correspondents and editors.
The chaos has many journalists concerned
about whether they will be able to hold on to their jobs for much longer, a
concern that was alien to the profession for decades when the local media was
sacrosanct and largely free of labor difficulties.
Things have indeed
changed. The chaos is reaching a crescendo now in no small part due to the
digital revolution that has resulted in readers, in particular the younger ones,
migrating to online news sites.
The other factor has been the surprise
success of free mass tabloid Israel Hayom
(Israel Today), funded by American
Jewish billionaire and casino mogul Sheldon Adelson, with a daily circulation of
375,000. Despite Adelson’s mild denials that the newspaper’s ambition is to
reelect Prime Minister Benjamin Netanyahu, Israel Hayom
right-wing and pro-Netanyahu.
Speaking in 2009, Adelson said, “I started
the newspaper to give Israel, Israelis, a fair and balanced view of the news and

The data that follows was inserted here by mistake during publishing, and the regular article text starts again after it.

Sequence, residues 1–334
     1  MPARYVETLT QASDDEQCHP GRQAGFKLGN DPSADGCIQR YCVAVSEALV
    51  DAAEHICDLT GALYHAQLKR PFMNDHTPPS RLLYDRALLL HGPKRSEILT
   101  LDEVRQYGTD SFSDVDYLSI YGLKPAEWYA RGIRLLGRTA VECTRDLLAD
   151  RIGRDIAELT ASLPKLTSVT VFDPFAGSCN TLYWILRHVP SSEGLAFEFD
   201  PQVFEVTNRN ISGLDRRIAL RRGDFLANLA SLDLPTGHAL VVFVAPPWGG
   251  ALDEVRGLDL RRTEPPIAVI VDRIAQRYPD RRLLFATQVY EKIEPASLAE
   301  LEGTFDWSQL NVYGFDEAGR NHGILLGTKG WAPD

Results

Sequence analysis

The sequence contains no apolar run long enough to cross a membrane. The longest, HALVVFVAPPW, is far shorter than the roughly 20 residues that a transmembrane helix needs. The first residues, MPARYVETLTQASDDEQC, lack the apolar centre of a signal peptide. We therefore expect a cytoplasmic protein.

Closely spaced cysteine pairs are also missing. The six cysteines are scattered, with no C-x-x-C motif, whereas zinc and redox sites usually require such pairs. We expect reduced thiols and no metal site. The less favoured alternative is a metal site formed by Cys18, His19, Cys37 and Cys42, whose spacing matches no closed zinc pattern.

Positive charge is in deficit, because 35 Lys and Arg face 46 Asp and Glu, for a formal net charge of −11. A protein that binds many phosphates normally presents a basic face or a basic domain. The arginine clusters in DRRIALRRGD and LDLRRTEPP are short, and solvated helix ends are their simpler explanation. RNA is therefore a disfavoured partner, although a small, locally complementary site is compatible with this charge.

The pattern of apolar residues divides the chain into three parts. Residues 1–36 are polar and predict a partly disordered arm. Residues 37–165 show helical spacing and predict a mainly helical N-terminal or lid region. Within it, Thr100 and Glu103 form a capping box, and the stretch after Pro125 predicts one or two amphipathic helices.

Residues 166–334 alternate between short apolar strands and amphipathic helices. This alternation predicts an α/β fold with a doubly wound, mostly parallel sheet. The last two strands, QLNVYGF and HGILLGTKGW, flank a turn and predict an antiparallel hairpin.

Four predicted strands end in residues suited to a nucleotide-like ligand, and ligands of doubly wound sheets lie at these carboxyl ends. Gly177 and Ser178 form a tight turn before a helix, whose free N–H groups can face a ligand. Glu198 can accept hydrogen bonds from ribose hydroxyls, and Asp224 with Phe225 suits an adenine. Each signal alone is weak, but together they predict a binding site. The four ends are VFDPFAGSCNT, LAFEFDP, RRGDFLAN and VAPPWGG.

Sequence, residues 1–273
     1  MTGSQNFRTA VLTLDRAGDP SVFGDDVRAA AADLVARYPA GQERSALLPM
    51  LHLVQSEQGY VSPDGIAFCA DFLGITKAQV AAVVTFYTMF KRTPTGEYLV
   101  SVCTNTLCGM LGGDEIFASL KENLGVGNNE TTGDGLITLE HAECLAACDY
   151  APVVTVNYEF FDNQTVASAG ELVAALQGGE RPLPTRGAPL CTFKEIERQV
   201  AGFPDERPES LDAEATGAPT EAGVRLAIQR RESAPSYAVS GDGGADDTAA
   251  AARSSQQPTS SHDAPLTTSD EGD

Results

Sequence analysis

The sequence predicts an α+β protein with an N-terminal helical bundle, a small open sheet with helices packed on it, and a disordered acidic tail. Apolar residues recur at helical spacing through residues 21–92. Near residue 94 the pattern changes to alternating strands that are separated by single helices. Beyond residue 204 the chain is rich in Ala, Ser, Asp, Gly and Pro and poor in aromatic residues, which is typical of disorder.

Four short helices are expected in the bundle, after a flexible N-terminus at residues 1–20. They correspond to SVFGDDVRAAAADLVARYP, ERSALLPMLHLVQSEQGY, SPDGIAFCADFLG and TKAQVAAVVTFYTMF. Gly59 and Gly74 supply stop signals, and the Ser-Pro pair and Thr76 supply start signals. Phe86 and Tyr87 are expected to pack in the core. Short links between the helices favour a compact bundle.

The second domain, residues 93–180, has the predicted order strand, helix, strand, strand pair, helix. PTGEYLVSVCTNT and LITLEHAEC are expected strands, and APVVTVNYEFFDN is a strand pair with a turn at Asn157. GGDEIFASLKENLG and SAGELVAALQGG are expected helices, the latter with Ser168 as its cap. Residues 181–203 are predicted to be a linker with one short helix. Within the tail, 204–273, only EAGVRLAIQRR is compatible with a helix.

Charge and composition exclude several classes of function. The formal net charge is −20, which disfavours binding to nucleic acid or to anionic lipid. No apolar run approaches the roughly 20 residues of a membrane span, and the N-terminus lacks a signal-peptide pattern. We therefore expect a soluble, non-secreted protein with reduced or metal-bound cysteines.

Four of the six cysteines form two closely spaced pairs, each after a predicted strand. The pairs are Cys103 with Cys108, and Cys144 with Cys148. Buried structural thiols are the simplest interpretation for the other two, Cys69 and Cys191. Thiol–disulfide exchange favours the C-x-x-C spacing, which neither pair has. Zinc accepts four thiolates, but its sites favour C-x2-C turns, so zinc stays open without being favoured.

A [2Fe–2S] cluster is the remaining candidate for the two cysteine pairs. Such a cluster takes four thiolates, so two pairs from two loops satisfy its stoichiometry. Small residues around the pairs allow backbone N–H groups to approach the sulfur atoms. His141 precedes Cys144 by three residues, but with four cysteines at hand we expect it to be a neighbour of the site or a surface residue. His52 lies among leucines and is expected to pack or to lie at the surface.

the views. That’s all. It is not ‘Bibi-ton.’” (This is a reference to the term
used to suggest that Netanyahu and Israel Hayom
are inextricably linked, based
on Netanyahu’s nickname “Bibi” and the Hebrew word iton for newspaper.)
Employing a seemingly suicidal business model, Israel Hayom
has done what its
predecessors could only have dreamed of doing. Until 2007, when the newspaper
was founded, free publications distributed outside supermarkets, at train
stations and on street corners were routinely thrown in the trash unread. But
has claimed in the past year the largest circulation of any Israeli
newspaper, a remarkable accomplishment.
Adelson, worth $7 billion, has
injected $70 million into the free tabloid.
The sight of distributors
dressed in red overalls handing out Israel Hayom
has become a familiar part of
the landscape. Selling ads on the cheap, digging deeply into Adelson’s pockets,
the newspaper’s employees tear away at the economic viability of the other
newspaper giants. To those giants, Israel Hayom
offers no apologies. “The
readers prefer us and we thank them,” Israel Hayom